What struck me most in the early parts of Nixonland is the sense of how close the country came in 1964 and '65 to establishing a policy and politics that would serve the best interests of the vast majority of Americans.

As Perlstein puts it:

"Johnson kept on rolling out his Great Society: preschool for poor children. college prep for poor teenagers, legal services for indigent defendants, economic redevelopment funds for lagging regions, landmark immigration reform, a Department of Housing and Urban Development, national endowments for the humanities and arts--even a whole new category for the liberal agenda, environmentalism: a Highway Beautification Act, a Water Quality Act, a Clean Air Act..."

There was also the Civil Rights Act of 1964 and the Voting Rights Act of 1965, and the passage of Medicare and Medicaid, but then Watts burned, and LBJ expanded the war in Vietnam, and the wheels came off the Great Society. It all seemed to run into a wall almost at the moment the ride began. The losses and compromises litter the road since and now, from exile, we watch the Tea Party, the mother-ef'n Tea Party, for gosh sakes, exercise a power that eludes the rest of us. That's why we need a strategy.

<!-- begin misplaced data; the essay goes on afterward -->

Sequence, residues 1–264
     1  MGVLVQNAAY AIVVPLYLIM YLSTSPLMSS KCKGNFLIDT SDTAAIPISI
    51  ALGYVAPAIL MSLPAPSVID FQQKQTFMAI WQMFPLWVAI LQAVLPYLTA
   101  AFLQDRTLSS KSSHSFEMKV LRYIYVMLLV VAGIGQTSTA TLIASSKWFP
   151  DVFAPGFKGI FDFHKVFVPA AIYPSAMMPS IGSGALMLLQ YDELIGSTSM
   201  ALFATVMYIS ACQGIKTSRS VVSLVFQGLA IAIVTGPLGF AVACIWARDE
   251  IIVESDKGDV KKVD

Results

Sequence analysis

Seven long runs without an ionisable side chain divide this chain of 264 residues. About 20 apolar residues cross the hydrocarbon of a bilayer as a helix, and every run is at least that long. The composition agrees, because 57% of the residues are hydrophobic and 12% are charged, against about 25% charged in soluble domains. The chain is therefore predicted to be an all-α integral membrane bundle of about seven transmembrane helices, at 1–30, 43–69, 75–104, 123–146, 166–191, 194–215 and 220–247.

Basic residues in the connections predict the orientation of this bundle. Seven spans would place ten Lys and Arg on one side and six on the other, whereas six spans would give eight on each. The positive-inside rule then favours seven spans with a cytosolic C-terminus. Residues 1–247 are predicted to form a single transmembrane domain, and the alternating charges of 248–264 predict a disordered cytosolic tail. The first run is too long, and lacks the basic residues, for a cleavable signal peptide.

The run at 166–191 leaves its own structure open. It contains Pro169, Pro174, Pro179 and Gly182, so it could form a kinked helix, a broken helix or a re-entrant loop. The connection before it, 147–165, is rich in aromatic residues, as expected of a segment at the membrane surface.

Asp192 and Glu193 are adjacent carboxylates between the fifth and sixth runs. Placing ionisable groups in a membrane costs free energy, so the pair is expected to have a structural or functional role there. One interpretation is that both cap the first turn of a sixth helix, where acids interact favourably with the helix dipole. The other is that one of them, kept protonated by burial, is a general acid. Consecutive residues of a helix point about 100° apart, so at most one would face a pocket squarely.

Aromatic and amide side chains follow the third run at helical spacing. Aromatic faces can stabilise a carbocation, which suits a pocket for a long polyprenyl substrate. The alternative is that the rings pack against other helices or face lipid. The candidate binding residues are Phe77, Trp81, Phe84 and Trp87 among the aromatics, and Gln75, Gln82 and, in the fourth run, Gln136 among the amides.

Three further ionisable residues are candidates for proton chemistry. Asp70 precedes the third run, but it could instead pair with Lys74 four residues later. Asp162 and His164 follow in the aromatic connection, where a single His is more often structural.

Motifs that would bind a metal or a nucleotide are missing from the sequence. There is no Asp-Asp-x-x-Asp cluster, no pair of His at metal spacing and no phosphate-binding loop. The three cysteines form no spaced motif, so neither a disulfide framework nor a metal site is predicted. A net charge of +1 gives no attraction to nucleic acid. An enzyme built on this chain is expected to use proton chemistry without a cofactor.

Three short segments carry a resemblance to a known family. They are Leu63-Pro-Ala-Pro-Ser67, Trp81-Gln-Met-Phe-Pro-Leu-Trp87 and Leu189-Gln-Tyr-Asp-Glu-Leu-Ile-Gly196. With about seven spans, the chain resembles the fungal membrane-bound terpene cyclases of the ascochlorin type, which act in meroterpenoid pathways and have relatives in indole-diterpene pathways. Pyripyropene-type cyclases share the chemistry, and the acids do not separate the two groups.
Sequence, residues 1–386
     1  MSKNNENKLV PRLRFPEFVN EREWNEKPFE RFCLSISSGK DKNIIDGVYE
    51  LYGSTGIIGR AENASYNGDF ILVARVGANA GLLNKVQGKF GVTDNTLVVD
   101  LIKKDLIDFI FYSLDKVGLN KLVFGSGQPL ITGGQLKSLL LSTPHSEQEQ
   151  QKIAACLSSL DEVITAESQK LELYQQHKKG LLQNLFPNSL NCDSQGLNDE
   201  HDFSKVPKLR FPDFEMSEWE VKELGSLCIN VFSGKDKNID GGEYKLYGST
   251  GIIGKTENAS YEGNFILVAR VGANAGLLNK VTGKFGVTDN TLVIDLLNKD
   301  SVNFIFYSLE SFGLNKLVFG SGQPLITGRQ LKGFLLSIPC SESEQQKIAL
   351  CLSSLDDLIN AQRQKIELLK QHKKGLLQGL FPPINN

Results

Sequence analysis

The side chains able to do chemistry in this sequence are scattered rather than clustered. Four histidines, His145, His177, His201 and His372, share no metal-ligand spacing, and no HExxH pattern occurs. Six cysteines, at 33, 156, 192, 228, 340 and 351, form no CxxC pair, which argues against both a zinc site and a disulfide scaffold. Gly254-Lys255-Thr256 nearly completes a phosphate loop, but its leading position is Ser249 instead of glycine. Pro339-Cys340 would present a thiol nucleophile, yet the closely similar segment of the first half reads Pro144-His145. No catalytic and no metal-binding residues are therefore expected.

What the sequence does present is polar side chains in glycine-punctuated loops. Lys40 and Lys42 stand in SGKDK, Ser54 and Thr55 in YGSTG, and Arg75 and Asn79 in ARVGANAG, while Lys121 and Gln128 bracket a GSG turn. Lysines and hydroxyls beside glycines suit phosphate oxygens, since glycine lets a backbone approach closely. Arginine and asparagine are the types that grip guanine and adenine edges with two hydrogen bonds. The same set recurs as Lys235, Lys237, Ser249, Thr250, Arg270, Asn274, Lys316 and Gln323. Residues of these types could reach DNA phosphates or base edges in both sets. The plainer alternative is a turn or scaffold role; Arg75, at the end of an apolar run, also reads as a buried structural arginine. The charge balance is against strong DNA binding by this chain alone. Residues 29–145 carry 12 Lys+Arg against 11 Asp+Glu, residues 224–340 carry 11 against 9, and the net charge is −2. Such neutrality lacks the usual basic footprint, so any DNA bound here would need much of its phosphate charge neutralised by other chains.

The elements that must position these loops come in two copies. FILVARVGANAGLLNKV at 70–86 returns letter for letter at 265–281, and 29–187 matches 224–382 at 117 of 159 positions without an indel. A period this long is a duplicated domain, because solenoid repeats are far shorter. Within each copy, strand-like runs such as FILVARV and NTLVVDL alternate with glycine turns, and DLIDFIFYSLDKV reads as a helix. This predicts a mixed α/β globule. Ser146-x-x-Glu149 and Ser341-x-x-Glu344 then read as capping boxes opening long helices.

Saturday, October 19, 2013

A few thoughts about the debt ceiling and a call for a Left political strategy

Not raising the debt ceiling would be like a rather simple-minded declaration of bankruptcy, but the big question is how to turn a Republican setback into a long-term political rout